In the cathedral of this forest
while birds sing unseen
from the vaulted shadows,
I sit in the hand-carved pew
of a sawed-off cedar trunk
and think about last night’s
argument, a congregation
of notes falling, rising,
coins of light clinking
into the basket: the dappled
adagio that ministers
a tight staccato heart.
Century-old trees stand
like mossed-over crosses
unbroken in their silence,
upholding the climb of secrets:
the whispers about living
on what’s left over from
the cacophonous demands of a day,
the scraping of those plates
to give again what is left over, love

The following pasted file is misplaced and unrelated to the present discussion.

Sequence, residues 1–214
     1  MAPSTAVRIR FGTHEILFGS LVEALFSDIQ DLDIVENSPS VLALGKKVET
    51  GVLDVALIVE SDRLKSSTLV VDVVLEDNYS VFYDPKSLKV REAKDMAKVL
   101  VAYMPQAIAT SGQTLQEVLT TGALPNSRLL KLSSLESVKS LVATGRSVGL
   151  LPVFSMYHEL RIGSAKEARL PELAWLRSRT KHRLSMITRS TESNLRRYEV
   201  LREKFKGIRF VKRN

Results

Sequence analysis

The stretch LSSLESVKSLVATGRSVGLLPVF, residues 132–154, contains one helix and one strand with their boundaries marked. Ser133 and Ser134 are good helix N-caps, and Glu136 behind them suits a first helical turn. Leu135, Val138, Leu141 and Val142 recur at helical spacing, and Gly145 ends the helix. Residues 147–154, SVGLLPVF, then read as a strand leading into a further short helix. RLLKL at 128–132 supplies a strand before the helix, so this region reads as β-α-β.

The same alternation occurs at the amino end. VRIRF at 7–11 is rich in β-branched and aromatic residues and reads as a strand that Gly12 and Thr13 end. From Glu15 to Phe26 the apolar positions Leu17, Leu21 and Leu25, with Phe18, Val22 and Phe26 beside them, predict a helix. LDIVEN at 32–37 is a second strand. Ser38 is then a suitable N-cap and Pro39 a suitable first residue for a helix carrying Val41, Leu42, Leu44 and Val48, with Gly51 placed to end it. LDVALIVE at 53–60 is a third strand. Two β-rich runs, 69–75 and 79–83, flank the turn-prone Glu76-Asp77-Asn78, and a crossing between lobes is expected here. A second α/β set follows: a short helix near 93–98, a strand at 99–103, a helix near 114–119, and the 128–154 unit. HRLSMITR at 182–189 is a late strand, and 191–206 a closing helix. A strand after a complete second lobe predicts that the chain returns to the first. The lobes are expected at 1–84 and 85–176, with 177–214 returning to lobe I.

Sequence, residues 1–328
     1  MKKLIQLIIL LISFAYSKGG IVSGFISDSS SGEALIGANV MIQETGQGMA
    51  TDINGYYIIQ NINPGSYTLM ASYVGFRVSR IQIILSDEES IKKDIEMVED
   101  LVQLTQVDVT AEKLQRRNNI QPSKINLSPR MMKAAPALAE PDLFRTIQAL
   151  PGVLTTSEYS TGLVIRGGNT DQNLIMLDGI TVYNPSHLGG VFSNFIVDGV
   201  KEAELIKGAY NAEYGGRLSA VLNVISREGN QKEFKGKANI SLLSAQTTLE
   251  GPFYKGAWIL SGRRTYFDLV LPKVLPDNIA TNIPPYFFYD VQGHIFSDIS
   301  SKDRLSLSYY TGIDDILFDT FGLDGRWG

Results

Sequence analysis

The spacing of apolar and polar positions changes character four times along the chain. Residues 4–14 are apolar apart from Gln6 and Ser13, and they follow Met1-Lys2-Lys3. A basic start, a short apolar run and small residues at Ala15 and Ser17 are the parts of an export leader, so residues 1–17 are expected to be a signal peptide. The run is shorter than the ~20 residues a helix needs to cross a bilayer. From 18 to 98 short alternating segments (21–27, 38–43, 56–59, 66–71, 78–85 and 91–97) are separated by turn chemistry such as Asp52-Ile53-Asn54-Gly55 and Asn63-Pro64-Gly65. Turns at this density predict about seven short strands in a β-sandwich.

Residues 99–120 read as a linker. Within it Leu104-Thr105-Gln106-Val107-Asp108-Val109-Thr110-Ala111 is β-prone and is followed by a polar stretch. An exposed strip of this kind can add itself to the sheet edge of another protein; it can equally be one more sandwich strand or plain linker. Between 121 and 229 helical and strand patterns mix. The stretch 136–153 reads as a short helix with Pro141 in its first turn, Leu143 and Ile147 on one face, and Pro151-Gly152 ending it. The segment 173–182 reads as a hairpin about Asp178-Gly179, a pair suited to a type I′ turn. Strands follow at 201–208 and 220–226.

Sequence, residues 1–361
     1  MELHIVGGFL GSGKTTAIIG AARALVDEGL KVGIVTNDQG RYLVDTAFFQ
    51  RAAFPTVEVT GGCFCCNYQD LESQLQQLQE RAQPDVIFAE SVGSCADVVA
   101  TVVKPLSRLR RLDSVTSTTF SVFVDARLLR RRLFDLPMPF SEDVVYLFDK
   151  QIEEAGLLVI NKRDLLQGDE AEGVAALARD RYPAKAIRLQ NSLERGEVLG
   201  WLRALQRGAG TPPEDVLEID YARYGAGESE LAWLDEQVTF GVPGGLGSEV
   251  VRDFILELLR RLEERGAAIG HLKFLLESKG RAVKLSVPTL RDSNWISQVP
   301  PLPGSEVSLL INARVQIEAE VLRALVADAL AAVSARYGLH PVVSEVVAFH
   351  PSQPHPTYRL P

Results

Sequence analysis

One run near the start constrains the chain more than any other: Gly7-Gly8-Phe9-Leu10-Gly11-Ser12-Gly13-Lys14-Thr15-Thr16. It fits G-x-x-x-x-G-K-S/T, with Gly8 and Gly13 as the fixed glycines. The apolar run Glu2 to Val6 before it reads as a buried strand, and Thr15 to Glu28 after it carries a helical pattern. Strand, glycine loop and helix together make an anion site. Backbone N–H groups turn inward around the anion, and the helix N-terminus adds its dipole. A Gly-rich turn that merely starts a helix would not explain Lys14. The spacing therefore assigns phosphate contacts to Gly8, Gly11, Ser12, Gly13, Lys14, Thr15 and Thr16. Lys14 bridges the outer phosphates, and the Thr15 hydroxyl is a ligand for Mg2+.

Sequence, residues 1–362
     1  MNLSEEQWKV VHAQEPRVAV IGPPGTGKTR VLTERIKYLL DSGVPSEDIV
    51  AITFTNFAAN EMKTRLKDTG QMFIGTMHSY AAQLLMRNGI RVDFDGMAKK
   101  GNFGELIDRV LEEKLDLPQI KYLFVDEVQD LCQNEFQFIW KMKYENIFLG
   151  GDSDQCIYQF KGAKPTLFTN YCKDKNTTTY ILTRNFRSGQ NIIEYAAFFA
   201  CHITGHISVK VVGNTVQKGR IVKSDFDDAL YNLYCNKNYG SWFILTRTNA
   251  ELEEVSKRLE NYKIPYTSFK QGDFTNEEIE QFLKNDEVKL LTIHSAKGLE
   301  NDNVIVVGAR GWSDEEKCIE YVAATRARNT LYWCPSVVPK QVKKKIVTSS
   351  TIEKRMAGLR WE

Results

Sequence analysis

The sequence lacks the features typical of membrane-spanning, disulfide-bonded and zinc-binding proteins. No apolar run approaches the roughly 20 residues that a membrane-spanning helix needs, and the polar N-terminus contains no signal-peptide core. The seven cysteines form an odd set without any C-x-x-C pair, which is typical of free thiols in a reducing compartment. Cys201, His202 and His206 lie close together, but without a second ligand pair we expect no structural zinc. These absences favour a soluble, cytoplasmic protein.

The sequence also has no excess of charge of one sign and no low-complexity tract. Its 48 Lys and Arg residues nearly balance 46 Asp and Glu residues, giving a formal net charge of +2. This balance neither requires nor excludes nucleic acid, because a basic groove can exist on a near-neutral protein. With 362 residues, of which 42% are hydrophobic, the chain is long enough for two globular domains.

quietly shrinking from the beginning
to the end of a word, pursed lips praying
but little abiding as prayer.
Yet here, in a green profusion,
the curling ferns, the pungent earth
and the soaring branches cannot hold
all the love that grew them, nor can
the birds so tirelessly singing, nor my
dog chasing a squirrel chasing a squirrel.
The math is simple.
There is no subtraction.
Love’s pulse is steady
and it loads the woodland table,
as it must, even now, heap
a forgotten room in us.